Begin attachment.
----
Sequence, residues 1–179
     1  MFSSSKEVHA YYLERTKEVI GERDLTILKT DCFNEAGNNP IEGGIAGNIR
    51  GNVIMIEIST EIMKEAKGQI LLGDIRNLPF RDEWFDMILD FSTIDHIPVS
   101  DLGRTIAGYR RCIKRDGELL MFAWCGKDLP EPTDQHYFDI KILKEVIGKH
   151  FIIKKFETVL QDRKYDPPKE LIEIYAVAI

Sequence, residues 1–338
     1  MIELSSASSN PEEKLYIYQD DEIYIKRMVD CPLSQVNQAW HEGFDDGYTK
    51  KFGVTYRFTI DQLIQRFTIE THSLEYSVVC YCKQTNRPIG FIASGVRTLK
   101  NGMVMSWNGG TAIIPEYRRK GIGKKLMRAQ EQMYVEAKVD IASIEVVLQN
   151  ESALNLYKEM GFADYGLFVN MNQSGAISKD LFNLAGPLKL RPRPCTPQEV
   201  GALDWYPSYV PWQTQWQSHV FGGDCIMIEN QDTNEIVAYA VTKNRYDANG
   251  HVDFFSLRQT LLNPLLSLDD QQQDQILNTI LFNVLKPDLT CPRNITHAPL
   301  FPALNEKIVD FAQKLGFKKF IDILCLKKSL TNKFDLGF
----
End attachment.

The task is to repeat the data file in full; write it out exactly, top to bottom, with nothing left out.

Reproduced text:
Sequence, residues 1–179
     1  MFSSSKEVHA YYLERTKEVI GERDLTILKT DCFNEAGNNP IEGGIAGNIR
    51  GNVIMIEIST EIMKEAKGQI LLGDIRNLPF RDEWFDMILD FSTIDHIPVS
   101  DLGRTIAGYR RCIKRDGELL MFAWCGKDLP EPTDQHYFDI KILKEVIGKH
   151  FIIKKFETVL QDRKYDPPKE LIEIYAVAI

Sequence, residues 1–338
     1  MIELSSASSN PEEKLYIYQD DEIYIKRMVD CPLSQVNQAW HEGFDDGYTK
    51  KFGVTYRFTI DQLIQRFTIE THSLEYSVVC YCKQTNRPIG FIASGVRTLK
   101  NGMVMSWNGG TAIIPEYRRK GIGKKLMRAQ EQMYVEAKVD IASIEVVLQN
   151  ESALNLYKEM GFADYGLFVN MNQSGAISKD LFNLAGPLKL RPRPCTPQEV
   201  GALDWYPSYV PWQTQWQSHV FGGDCIMIEN QDTNEIVAYA VTKNRYDANG
   251  HVDFFSLRQT LLNPLLSLDD QQQDQILNTI LFNVLKPDLT CPRNITHAPL
   301  FPALNEKIVD FAQKLGFKKF IDILCLKKSL TNKFDLGF